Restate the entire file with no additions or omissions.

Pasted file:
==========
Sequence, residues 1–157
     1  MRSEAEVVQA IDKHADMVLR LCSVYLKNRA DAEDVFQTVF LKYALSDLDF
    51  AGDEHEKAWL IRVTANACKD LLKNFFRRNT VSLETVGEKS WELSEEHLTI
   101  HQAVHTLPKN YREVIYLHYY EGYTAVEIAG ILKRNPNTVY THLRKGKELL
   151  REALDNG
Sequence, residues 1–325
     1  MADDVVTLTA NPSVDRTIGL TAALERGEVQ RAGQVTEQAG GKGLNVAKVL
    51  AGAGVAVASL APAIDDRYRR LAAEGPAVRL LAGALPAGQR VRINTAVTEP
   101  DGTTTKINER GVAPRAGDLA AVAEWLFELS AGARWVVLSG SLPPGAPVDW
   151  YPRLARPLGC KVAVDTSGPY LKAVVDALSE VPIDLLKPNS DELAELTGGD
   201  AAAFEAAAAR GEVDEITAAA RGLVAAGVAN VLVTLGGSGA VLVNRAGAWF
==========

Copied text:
Sequence, residues 1–157
     1  MRSEAEVVQA IDKHADMVLR LCSVYLKNRA DAEDVFQTVF LKYALSDLDF
    51  AGDEHEKAWL IRVTANACKD LLKNFFRRNT VSLETVGEKS WELSEEHLTI
   101  HQAVHTLPKN YREVIYLHYY EGYTAVEIAG ILKRNPNTVY THLRKGKELL
   151  REALDNG
Sequence, residues 1–325
     1  MADDVVTLTA NPSVDRTIGL TAALERGEVQ RAGQVTEQAG GKGLNVAKVL
    51  AGAGVAVASL APAIDDRYRR LAAEGPAVRL LAGALPAGQR VRINTAVTEP
   101  DGTTTKINER GVAPRAGDLA AVAEWLFELS AGARWVVLSG SLPPGAPVDW
   151  YPRLARPLGC KVAVDTSGPY LKAVVDALSE VPIDLLKPNS DELAELTGGD
   201  AAAFEAAAAR GEVDEITAAA RGLVAAGVAN VLVTLGGSGA VLVNRAGAWF